THE PRESIDENT: Thank you. (Applause.) Everybody, please have a seat. Thank you so much. Thank you. Well, good afternoon, everybody. As somebody who lives in the neighborhood, I thought I might just drop by and see what all the fuss is about. (Laughter.) I want to thank Sally for hosting me here today.
And I am thrilled to be with all of you because of your work -- not to mention some of the art on the walls reminds me that one of the great blessings of being an American is that we are blessed with some of the most beautiful landscapes and real estate on Earth. I think about the awe that I felt as a little boy the first time I saw the Grand Canyon. I think about the pride that I felt when I took my daughters to see Yellowstone. I think about the memories of what it's like to go on a hike without a security detail behind me. (Laughter.) It's a wistful feeling. (Laughter.)
But most of all, I think about our obligation to be good stewards to the next generation -- to make sure that our children's children get the same chance to experience all of these natural wonders. So today, I'm here to announce that I am using my executive authority to protect more of our pristine landscapes by designating the Organ Mountains-Desert Peaks region a National Monument. (Applause.) I am grateful for the incredible partnership of so many residents of this region -- including ranchers and tribal leaders and hunters -- and many of you here today, especially Senators Martin Heinrich and Tom Udall and former Senator Jeff Bingaman, who were instrumental in helping preserve this treasured landscape. (Applause.)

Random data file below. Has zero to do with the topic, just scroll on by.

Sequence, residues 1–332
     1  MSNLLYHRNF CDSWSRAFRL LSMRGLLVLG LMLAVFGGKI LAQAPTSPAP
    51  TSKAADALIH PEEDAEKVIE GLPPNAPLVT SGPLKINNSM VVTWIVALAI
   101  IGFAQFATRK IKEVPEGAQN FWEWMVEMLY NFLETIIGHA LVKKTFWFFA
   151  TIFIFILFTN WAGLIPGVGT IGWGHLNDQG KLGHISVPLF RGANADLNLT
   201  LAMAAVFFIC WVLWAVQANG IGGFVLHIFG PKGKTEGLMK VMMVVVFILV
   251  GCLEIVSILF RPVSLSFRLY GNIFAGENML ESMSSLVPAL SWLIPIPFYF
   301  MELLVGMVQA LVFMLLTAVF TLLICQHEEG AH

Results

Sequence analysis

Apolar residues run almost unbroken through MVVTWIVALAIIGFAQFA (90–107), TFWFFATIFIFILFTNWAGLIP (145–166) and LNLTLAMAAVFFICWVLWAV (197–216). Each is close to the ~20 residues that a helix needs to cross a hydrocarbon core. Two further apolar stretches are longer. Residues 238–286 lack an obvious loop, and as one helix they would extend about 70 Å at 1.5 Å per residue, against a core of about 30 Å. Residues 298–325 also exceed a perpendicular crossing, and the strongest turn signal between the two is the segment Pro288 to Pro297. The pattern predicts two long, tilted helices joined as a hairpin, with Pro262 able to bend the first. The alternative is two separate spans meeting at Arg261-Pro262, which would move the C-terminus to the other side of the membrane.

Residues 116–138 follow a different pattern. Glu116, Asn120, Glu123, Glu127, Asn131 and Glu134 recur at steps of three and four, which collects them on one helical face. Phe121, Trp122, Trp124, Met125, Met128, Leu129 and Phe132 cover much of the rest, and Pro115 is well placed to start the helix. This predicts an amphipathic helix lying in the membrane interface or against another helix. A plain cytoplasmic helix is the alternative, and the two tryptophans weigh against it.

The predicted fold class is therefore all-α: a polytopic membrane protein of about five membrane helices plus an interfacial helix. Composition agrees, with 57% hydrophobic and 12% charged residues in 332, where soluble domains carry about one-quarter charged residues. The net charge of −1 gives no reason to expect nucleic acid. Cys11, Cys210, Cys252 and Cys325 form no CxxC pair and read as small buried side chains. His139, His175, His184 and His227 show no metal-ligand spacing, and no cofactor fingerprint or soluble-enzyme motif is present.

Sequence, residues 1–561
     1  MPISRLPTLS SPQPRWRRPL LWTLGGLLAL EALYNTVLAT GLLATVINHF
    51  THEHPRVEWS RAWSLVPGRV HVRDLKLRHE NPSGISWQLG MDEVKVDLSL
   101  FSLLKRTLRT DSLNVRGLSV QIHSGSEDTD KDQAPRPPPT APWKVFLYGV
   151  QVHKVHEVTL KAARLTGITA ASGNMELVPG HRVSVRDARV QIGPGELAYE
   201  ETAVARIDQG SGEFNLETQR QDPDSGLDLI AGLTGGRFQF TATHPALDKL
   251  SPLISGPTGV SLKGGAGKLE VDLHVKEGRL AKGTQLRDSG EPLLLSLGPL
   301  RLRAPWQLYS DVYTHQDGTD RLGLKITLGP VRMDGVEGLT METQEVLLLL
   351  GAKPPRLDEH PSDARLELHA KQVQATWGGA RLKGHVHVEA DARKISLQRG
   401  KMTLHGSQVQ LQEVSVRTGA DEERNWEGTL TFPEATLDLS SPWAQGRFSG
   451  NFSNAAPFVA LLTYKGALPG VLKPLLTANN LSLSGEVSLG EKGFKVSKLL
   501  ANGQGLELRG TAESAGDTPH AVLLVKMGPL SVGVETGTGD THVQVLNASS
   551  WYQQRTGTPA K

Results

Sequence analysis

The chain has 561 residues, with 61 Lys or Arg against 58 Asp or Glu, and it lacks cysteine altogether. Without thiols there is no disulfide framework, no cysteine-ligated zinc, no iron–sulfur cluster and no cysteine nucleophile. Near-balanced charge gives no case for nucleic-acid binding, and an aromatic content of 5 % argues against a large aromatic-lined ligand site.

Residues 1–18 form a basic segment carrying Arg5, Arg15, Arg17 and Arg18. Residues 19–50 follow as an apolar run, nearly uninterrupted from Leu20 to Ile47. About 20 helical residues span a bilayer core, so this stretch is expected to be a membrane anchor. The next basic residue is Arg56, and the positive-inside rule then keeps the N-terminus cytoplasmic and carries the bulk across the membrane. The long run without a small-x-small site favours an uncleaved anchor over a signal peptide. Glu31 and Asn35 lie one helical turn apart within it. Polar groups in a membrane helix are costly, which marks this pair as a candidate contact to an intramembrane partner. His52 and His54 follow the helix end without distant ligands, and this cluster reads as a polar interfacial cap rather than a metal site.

Anyone who's ever seen the Organ Mountains that overlook Las Cruces, New Mexico will tell you that they are a spectacular sight. Secretary Jewell told me as much after her visit there. You got massive rocks that jut up 9,000 feet in the air and stretch for 20 miles, like the organ pipes of a giant. And they're home to many of God's smaller creatures, as well -- deer and antelope roam; falcons, mountain lions. There are even plant species that don't grow anywhere else in the world.
But it's not just the natural beauty of this region that makes it invaluable to future generations. Its caves and peaks and cliffs bear the marks of millennia of history. From the rock art of some of the first Native peoples living on the land to the trail traveled by some of the first overland mail carriers. Some of the most notorious adventures of the Wild West were written in the Organ Mountains-Desert Peaks region.
More than 130 years ago, Billy the Kid took cover in the Robledo Mountains and literally left his mark --- inscribing his name into what we now know as "Outlaw Rock." You can see it today, and I want to make sure that future generations can see it as well. Legend has it that Apache chief Geronimo hid in these same mountains and staged a miraculous escape from what is now called "Geronimo's Cave."